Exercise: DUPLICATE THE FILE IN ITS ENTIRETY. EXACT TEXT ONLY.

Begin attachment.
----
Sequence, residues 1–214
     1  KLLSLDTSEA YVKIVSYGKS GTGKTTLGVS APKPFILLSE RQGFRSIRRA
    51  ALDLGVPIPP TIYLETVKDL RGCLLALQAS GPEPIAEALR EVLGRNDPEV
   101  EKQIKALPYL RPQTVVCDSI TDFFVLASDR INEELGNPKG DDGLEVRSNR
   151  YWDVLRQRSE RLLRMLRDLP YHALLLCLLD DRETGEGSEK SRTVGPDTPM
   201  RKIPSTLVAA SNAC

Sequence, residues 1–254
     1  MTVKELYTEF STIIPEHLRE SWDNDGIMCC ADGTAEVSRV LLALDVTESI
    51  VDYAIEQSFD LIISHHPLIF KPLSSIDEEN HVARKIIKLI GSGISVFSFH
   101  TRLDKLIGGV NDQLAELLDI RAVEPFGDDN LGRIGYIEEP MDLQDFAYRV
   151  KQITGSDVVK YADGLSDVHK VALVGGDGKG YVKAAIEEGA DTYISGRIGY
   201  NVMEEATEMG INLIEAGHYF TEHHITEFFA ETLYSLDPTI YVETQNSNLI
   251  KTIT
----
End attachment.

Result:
Sequence, residues 1–214
     1  KLLSLDTSEA YVKIVSYGKS GTGKTTLGVS APKPFILLSE RQGFRSIRRA
    51  ALDLGVPIPP TIYLETVKDL RGCLLALQAS GPEPIAEALR EVLGRNDPEV
   101  EKQIKALPYL RPQTVVCDSI TDFFVLASDR INEELGNPKG DDGLEVRSNR
   151  YWDVLRQRSE RLLRMLRDLP YHALLLCLLD DRETGEGSEK SRTVGPDTPM
   201  RKIPSTLVAA SNAC

Sequence, residues 1–254
     1  MTVKELYTEF STIIPEHLRE SWDNDGIMCC ADGTAEVSRV LLALDVTESI
    51  VDYAIEQSFD LIISHHPLIF KPLSSIDEEN HVARKIIKLI GSGISVFSFH
   101  TRLDKLIGGV NDQLAELLDI RAVEPFGDDN LGRIGYIEEP MDLQDFAYRV
   151  KQITGSDVVK YADGLSDVHK VALVGGDGKG YVKAAIEEGA DTYISGRIGY
   201  NVMEEATEMG INLIEAGHYF TEHHITEFFA ETLYSLDPTI YVETQNSNLI
   251  KTIT